Warmth Needed to Spark Spring
For those of you of-Island, this week began with exactly what we didn’t need: Wicked NE winds and a wind-chill that put a real sting into spring. Throw in an oil slick and you’ll get a feel for just how crappy it was out there.
(I realize that by the time many folks are reading this a large bubble of very mild air arriving from the middle of the country will be in place and this’ll be one of those “What you missed” things.)
From Sunday through Tuesday (deadline), it was just this side of bitter out there, when skin met the gusts arriving off the ocean, coated with the feel of 44-degree water. I was a-beach for various reasons and attest to the frosty discomfort level -- knowing that in a future-shock flash I’ll be out on that same beach grumbling about scalding hot winds and the merciless sun of summer. By the by, I’m predicating a ferociously hot summer with nary a drip of rain – short of any tropical systems we might meet up with.
This latest blow apparently put on an ugly coat as it visited Island Beach State Park. A frothy oily algae-based scum covered almost the entire length of the park’s beachfront. The oil element – secondary to the organic material -- didn’t seem quite bad enough to present a death coating for migratory birds, however, it could be real bad news when coupled with this cooler weather since even a touch of oil on a bird’s feathers can reduce its ability to stave off lower air temps. Park officials described the beach covering as “algal” but I have my doubts, especially after receiving this video clip: http://s78.photobucket.com/albums/j108/bionicbob48/?action=view¤t=2004_0121Image0002.flv. NOTE: The narration in this clip is unedited, i.e. uncensored.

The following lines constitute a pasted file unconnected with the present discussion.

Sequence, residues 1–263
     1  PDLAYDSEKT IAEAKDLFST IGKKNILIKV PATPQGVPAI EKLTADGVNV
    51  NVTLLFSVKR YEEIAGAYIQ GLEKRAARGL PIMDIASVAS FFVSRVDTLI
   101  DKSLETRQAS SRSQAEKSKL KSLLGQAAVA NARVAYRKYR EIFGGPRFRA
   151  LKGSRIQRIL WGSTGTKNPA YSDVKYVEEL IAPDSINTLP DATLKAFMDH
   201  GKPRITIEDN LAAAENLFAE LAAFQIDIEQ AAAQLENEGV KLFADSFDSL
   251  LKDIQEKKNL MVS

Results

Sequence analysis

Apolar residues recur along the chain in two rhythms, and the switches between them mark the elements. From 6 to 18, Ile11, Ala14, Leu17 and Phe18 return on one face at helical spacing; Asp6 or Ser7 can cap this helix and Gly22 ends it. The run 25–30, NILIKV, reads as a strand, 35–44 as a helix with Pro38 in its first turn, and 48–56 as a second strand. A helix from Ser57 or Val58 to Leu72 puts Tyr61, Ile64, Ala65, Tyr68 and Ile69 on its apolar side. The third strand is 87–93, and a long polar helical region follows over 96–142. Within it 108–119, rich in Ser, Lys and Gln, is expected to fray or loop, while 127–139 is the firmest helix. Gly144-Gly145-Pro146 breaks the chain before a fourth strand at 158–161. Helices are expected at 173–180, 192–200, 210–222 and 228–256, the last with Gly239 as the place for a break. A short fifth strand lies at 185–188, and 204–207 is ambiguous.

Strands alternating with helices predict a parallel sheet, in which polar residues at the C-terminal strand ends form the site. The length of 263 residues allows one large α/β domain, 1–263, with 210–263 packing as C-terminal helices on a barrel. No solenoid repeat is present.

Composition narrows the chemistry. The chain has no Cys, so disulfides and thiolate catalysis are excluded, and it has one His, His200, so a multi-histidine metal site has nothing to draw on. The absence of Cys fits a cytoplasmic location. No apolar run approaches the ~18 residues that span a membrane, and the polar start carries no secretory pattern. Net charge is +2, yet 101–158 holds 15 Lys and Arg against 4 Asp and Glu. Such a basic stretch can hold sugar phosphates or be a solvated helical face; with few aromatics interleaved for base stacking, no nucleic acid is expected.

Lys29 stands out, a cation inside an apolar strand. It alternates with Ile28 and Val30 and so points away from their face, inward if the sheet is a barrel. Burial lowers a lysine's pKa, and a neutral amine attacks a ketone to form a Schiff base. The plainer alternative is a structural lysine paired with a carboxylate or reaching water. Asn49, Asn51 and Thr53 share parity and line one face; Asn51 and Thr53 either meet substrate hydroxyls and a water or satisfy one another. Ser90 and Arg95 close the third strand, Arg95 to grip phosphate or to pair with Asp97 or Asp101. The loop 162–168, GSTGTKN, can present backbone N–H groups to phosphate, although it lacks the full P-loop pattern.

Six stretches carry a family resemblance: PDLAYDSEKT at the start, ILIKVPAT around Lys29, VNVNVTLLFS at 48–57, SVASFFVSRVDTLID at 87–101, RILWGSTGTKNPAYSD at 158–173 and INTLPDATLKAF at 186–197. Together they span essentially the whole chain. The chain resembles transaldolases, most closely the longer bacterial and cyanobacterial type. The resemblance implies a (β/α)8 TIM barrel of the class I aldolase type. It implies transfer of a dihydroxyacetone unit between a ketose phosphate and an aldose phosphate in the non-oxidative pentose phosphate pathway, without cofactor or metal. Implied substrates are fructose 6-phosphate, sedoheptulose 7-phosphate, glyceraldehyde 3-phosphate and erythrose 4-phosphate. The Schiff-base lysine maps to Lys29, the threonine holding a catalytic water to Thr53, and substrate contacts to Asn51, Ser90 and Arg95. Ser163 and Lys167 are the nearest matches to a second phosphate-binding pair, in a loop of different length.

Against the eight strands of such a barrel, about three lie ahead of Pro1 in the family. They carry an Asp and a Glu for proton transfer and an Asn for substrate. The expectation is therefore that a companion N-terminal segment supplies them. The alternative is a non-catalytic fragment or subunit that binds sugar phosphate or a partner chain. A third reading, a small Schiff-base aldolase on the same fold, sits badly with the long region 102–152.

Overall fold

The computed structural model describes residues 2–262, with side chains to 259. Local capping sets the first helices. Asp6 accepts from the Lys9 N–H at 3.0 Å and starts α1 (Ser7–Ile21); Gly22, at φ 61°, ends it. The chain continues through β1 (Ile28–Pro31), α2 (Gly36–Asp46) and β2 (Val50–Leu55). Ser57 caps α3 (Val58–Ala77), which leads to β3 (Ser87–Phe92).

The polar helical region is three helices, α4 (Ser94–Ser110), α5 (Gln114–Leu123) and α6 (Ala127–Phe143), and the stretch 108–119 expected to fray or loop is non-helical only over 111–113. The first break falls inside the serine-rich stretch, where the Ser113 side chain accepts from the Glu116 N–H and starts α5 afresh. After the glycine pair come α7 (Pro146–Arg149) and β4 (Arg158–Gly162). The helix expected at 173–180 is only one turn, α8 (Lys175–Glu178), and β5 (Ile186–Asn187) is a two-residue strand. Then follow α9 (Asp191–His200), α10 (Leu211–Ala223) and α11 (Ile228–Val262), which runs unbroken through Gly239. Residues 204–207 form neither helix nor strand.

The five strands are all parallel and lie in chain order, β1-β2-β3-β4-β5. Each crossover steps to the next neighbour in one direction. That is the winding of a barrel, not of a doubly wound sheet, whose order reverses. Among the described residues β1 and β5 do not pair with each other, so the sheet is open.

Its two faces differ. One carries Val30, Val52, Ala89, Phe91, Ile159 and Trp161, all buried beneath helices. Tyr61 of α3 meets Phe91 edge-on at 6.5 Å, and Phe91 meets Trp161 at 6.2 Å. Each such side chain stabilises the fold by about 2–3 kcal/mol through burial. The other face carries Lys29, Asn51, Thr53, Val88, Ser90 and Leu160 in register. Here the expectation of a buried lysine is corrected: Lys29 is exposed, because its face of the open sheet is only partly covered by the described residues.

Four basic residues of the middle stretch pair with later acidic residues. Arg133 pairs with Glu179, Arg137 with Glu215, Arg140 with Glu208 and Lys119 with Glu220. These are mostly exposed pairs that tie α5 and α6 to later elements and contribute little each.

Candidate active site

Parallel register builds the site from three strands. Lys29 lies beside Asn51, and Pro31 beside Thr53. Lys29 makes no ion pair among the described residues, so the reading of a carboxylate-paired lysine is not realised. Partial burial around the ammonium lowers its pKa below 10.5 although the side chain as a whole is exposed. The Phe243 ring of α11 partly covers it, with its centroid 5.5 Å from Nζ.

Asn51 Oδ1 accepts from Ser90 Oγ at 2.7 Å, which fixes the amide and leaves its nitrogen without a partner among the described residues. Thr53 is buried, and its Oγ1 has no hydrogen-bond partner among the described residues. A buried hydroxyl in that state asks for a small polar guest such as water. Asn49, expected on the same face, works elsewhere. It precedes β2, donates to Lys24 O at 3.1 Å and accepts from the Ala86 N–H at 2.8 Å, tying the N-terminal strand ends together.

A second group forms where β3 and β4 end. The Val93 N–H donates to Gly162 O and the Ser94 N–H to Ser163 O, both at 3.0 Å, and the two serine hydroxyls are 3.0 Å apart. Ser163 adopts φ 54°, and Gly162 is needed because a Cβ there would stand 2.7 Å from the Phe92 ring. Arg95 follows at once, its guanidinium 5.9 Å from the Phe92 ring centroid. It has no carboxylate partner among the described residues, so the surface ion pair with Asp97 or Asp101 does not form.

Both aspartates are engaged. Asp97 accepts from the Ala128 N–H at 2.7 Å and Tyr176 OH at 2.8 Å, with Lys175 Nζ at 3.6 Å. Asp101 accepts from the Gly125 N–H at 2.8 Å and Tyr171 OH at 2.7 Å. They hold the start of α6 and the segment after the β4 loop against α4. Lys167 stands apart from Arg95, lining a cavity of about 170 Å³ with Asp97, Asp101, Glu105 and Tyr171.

The departing storm was not a huge rainmaker. Runoff was fairly minimal. The amount of road-wash and sewer-stuff that flushed into the bay was likely not enough to stunt the reproductive plans of pollution-sensitive weakfish, arriving to spawn in the shallows of western bay areas. However, we really need a warm-up to make things comfy for the catch-and-release tiderunners rushing our way.
Yes, these huge weakfish – some to 25 pounds in recent springtime runs -- can only be caught and released. Not officially, mind you. However, I have it on good authority that a band of thug-ian Hell’s Angels will soon be patrolling on their blazing “Hogs” to protect the roe-filled sparklers.
No, I’m not frickin’ serious! But, it is the doubly overwhelming consensus of anglers that virtually all large early spring-run weakfish should be allowed to spawn, assuring the future of local stocks. That doesn’t mean you can’t have a blast fishing for these wild, hard-hitting and astoundingly fierce-fighting whooper weakfish. Enjoy – then release.
Most of my weakfishing comes at night in spring. I’m always amazed at how much muscle larger weakfish gain over their spike days. When related to bluefish of equal size, small sparklers aren’t even the fighting ballpark of the blues. A cocktail blue can handily drag around three equal-sized weakfish. Even a medium blue can annihilate a similarly sized weakfish in a mixed martial arts fight. However, something happens when weakfish get up in the 10-pound range. While blues are bulldogs at that size, weakfish are suddenly right up there, muscle-wise.
The largest weakie I ever caught, not only ripped line off my medium surf reel with impunity, it dragged my kayak backwards, against the frickin’ wind. I had it pegged for monster bluefish. It fought the same. That battle-par-excellence trait is yet another reason to catch-and-release all tiderunners. In that way, they’ll surely fight another day.